The current Antoni Gaudi retrospective, on now at the Musée d’Orsay in Paris and running until July 17, shines a spotlight on one man’s unique vision and lasting legacy. Prestige takes a closer look at this unique artist’s brilliant career, and tragic final days.
Born in 1852, in the Catalonian region of Spain, Antoni Gaudi is best known for his fantastical architectural creations, which are at times as bizarre and dreamlike as the paintings of Salvador Dali (who, incidentally, is also Catalonian). But Gaudi was not a surrealist, even if some art historians have referred to a few of his later creations as “proto-surrealist”. Instead, he regarded himself as belonging to an emerging movement known as Catalan Modernisme, which was very much in line with the ornamental Art Nouveau style that flourished throughout Europe and the United States between 1890 and 1910.
To fully experience the power of Gaudi’s architectural triumphs, you really have to travel to Spain, and Barcelona in particular; which is where the majority of his creations are to be found. However, for those interested in viewing this iconic artist in a different way – via his drawings, renderings, furniture and houseware designs – the Musée d’Orsay in Paris is currently home to a large retrospective – simply entitled Gaudí – which runs until July 17, 2022.
Organised by the Musée d’Orsay and the Musée de l’Orangerie in Paris, along with the Museu Nacional d’Art de Catalunya (MNAC) in Barcelona, the exhibition has assembled film, photos, artefacts, original drawings, scale models and even a 3D projection of Gaudi’s workshop, all with the aim of exploring how this brilliant architect was not the isolated genius of myth, but was, in fact, very much shaped and influenced by the specific political, social, and artistic environment of his day. It also reveals how Gaudi’s work ended up transcending the very time in which he lived.
Born into a family of coppersmiths, Gaudi always remained proud of his humble roots as a labourer’s son. After his primary education in Reus, he moved to Barcelona to study at the Provincial School of Architecture, where he graduated in 1878. Since he was not a native of Barcelona, and did not belong to a wealthy family, his early career began with hands-on experience working in the studios of other architects, including Josep Fonseré, for whom he designed some elements of Barcelona’s magnificent Ciutadella Park. But perhaps his greatest opportunity in those formative years was to enter the social circle of the brilliant and innovative Joan Martorell, who was most familiar with architectural innovations abroad.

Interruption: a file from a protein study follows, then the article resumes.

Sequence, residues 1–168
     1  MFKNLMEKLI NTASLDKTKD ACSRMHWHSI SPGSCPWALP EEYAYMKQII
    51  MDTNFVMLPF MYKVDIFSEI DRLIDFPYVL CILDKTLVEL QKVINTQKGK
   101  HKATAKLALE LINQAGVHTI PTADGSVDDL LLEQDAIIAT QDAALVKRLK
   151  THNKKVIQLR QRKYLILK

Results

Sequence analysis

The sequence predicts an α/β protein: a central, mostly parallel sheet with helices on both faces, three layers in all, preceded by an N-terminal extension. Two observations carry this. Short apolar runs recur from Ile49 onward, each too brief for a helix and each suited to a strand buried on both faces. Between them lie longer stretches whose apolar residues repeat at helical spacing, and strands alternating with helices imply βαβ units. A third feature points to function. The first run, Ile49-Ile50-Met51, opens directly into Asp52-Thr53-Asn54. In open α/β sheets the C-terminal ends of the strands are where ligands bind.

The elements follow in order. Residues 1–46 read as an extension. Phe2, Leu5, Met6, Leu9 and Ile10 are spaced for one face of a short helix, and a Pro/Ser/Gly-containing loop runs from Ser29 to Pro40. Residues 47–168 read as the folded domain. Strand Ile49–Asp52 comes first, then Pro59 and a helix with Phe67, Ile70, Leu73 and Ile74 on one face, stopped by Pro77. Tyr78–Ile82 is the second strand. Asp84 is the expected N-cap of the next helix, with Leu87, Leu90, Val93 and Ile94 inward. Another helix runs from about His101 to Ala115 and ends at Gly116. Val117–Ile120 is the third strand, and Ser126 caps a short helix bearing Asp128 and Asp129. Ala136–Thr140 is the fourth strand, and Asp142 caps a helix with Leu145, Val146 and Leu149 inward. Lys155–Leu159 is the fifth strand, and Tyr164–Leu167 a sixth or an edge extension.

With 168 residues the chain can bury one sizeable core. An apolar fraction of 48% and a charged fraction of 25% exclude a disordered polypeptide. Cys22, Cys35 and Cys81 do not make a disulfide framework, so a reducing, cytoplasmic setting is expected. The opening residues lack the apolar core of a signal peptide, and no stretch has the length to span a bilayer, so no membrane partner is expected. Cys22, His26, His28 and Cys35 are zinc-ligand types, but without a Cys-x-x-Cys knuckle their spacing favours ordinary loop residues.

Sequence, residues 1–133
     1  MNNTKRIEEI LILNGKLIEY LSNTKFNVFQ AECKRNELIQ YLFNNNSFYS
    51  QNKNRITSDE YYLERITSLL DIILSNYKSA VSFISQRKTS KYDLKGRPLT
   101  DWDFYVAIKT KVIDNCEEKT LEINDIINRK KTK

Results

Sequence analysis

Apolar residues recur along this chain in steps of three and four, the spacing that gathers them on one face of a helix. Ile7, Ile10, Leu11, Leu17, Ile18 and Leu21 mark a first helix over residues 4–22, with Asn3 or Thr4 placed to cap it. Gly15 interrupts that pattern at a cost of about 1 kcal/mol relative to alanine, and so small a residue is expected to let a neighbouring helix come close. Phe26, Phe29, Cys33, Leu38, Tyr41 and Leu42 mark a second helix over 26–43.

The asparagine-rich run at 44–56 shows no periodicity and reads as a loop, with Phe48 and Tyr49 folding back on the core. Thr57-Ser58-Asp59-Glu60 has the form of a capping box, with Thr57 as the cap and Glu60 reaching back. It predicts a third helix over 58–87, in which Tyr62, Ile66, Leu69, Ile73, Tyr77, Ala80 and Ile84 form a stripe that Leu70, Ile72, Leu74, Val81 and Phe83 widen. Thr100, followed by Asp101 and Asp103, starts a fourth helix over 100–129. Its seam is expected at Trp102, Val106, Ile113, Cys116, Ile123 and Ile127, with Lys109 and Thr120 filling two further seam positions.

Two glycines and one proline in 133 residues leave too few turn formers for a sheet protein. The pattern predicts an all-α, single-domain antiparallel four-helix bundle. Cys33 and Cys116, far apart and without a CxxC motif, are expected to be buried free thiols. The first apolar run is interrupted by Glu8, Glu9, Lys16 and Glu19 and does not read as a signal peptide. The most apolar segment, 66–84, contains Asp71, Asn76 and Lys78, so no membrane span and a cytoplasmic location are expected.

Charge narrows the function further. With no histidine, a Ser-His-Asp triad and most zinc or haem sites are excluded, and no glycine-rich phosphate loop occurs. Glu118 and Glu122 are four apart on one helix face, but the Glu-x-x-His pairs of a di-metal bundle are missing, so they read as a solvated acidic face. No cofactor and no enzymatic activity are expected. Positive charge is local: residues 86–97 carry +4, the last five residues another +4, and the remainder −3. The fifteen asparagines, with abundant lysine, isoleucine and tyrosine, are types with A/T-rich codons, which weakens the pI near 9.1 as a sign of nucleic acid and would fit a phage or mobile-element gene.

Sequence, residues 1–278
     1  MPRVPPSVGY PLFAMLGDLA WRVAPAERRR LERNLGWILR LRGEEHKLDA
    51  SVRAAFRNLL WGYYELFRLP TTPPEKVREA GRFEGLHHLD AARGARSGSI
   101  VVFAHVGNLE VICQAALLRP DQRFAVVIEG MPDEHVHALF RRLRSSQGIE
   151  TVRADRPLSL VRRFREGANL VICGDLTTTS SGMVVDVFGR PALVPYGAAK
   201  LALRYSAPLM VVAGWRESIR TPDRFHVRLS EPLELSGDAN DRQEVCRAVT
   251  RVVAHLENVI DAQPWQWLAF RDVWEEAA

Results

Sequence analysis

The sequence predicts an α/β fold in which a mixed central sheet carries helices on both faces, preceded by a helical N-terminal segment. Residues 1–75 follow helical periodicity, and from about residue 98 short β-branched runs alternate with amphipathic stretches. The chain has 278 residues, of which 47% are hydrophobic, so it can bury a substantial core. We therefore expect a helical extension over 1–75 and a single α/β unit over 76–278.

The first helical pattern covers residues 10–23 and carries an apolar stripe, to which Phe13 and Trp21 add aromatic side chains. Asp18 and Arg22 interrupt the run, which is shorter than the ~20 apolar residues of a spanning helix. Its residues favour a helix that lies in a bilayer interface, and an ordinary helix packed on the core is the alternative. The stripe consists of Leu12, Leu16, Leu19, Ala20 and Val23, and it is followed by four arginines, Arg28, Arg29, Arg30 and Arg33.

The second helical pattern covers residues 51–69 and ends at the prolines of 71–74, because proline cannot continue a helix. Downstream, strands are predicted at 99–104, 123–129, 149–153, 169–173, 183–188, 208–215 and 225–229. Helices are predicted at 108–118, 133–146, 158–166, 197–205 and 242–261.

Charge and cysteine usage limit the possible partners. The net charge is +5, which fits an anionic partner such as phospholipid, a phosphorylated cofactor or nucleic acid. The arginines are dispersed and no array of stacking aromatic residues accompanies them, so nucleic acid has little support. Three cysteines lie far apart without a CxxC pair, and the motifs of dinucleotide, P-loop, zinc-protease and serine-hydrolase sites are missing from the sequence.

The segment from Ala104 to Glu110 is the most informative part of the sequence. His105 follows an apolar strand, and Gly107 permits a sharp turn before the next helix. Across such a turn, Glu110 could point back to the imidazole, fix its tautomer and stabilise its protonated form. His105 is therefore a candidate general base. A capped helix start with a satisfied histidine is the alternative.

The majority of Gaudi’s first important works were commissioned by the wealthy Güell and Comillas families, and they include Casa Vicens (1883-1888), Finca Güell (1884-1887) and the Palais Güell (1886-1889) in Barcelona, as well as the Villa El Capricho (1883-1885) in Comillas. These early structures bore distinct Orientalist (Mudejar) and neo-Gothic influences, while at the same time hinting at the wild flights of fancy yet to come.
As the 20th century dawned, Gaudi began work on Parc Güell, a massive urban project that took 14 years to complete. Located on a picturesque hill overlooking Barcelona, this breathtaking playground park is an overwhelming spectacle of colour, shape, and unbridled imagination. During this same period, he worked on a number of casas (or “houses”) in the city’s Eixample district, and the Calvet house (1898-1900), the Batlló house (1904- 1906), and the Milà house (1905-1910) – more commonly known as La Pedrera – remain absolute must-see Barcelona landmarks.
With Parc Güell and the various casas, Gaudi’s style had become much more fluid and undulating, trading right angles for sensuous curves and experimenting with the use of recycled material, such as chipped and broken pottery and ceramics. This was the Art Nouveau-influenced Modernisme style that would become both his trademark and his legacy.